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PHP Variables and Operators

Variables are spaces that allow you to store a small piece of data. Operators allow you to compare and do mathematically functions to the variables such as adding and subtracting them.

PHP variables are composed of the following format:

Code: PHP

<?php 
$variablename 
variablevalue
?>

All PHP variables start with the money sign ($). Followed by the name you wish to give the variable. This name will be used to identify the variable throughout the rest of the page. The variable value is the value that the variable holds. This value can be characters and numbers. Here are some examples of proper variable declaration and assignment of value.

Code: PHP

<?php 
$variable1 
"Hello World";
$variable2 "Have a nice day!";
$variable3 "135"
?>

As you see the creation of variable isn't very hard and provides great new fields to expand to in your PHP programming. Also demonstrated above the type of data stored within the variable doesn't matter.

Operators

Operators are what allow you to compare and manipulate the data held within variables. There are arithmetic, assignment, logical, and comparison operators. All handle with variables.

Arithmetic Operators

There are 7 arithmetic operators, addition (+), subtraction (-), multiplication (*), division (/), modulus (%), increment (++), and decrement (--). Most of these you know except the last three, modulus returns the remainder of a division problem, increment adds 1, and decrement subtracts 1.

Using arithmetic operators is easy, below is a simple example of using the addition operator:

Code: PHP

<?php 
$x 
4;
$y2;
$z $x $y
?>

There are a number of ways that you could do that such as simplifying it down to this:

Code: PHP

<?php 
$x 
4;
$y $x 
?>

This eliminates one variable that you don't need and if you simplify your code all over then you reduce server stress.

Assignment Operators

These operators are used in assigning variables their data. One that you probably already know is the assignment operator (=). This one you will use all over, but there are others seen below.

Operator Example Same As
+= x += y x = x + y
-= x -= y x = x - y
*= x *= y x = x * y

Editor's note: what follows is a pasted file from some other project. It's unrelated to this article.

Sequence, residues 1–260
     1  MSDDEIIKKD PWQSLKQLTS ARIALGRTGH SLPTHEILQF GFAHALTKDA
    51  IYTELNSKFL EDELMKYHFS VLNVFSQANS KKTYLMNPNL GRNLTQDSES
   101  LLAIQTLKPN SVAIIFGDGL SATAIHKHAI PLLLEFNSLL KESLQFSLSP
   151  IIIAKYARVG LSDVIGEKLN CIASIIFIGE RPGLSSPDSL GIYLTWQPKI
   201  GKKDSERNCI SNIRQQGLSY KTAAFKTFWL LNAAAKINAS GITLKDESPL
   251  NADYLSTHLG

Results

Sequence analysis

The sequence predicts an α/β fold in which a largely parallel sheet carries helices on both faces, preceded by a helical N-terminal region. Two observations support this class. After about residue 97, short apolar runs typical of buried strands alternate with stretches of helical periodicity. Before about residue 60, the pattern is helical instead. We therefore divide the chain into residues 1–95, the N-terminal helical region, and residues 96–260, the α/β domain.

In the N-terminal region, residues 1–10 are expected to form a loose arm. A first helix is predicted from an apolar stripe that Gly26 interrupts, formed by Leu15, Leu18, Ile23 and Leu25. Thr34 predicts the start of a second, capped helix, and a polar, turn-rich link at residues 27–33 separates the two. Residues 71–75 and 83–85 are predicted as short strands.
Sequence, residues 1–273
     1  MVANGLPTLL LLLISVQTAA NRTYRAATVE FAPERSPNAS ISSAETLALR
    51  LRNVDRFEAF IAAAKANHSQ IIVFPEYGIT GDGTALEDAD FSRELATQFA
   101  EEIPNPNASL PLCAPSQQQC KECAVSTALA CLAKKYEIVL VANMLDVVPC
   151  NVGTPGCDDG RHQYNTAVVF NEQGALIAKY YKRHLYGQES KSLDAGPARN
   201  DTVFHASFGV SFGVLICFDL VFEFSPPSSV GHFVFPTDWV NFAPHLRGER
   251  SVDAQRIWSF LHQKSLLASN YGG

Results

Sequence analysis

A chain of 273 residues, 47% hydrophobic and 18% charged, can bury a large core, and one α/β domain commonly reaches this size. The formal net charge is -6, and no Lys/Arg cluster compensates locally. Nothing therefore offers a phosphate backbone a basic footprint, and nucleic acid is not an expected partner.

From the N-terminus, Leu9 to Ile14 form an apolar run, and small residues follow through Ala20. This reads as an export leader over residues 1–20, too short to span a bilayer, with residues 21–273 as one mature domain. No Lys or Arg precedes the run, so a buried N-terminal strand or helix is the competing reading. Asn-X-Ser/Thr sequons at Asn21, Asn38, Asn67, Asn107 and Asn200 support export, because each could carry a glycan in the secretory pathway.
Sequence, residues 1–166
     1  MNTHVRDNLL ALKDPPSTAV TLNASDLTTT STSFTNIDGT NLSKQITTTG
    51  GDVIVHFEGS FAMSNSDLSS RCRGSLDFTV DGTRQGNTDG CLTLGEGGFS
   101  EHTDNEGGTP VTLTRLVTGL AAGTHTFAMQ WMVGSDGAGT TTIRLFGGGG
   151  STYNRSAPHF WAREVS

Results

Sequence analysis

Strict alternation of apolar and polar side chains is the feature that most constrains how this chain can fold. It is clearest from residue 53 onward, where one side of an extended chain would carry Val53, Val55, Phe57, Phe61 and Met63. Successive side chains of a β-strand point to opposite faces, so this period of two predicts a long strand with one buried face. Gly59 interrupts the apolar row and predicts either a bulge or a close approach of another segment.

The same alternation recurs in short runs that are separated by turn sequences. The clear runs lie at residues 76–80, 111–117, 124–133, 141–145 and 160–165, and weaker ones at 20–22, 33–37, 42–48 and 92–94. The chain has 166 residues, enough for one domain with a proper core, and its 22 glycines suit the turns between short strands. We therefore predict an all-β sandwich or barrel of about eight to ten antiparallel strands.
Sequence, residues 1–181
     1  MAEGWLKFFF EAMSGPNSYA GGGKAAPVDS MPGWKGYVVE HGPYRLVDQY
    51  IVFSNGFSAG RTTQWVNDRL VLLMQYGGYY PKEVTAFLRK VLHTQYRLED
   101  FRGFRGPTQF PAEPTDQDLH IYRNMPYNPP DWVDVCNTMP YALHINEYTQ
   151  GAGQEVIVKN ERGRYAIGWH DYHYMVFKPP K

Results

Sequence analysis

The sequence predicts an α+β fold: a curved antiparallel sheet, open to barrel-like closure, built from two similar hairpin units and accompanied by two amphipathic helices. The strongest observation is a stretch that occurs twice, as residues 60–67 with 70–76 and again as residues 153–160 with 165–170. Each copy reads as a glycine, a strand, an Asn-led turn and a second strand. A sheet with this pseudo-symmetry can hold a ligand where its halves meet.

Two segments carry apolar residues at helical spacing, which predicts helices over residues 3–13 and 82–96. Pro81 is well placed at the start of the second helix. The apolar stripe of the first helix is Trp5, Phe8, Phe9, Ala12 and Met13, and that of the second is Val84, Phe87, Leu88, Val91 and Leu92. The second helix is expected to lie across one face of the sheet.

/= x /= y x = x / y
%= x %= y x = x % y

Comparison Operators

These operators are used to compare variables and often used in conditional statements. There are 7 comparison operators, is equal to (==), is not equal (!=), less than (<), greater than (>), less than or equals to (<=), and greater than or equals to (>=). These all return either true or false. If the statement there is true then it returns true and vice versa. Here is an example of an if statement using comparison operators:

Code: PHP

<?php 
$x 
4;
$y 5;

if(
$x != $y) {
    echo 
"x doesn't equal y";

?>

The if statement above says that as long as $x is not the same value as $y then to do the next statements. When you get into switch and conditional statements comparison operators will be useful information to know.

Logical Operators

Logical operators go hand in hand with comparison operators and are used to continue the comparison statement. There are three logical operators, and (&&), not (!), and or (||). Here is an example of using the AND operator:

Code: PHP

<?php
$x 
4;
$y 5;

if (
$x != && $y == 5) {
    echo 
"x isn't 4 and y is 5";
}
?>

The logical operator makes it to say if $x doesn't equal 4 and $y equals 5 to execute the following commands. Although one of these is true the other isn't so it returns false and the if statement doesn't continue.

We could change around the statement above to if at least one of the comparisons returns true using the OR operator (||).

Code: PHP

<?php
$x 
4;
$y 5;

if (
$x != || $y == 5) {
    echo 
"Either x isn't 4 or y equals 5";
}
?>

Now the if statement will execute as one of the two comparisons are true. In this code the if statement reads as if $x doesn't equal 4 or $y equals 5 execute the following commands.

The NOT operator can be used like this:

Code: PHP

<?php
$x 
4;
$y 5;

if (!(
$x $y)) {
    echo 
"x doesn't equal y";
}
?>

Now you can always use the != operator to replace this, but you can also use the NOT operator along with functions such as isset():

Code: PHP

<?php
$x 
4;
$y 5;

if (!isset(
$y)) {
    echo 
"Y isn't there";
}
?>

The isset() function returns true if the variable exist, using the NOT operator there makes it so that it returns true if the variable $y isn't there.

Now you have a general knowledge of PHP variables and operators to allow you to take the data from a user and alter it, a great expansion for any PHP page.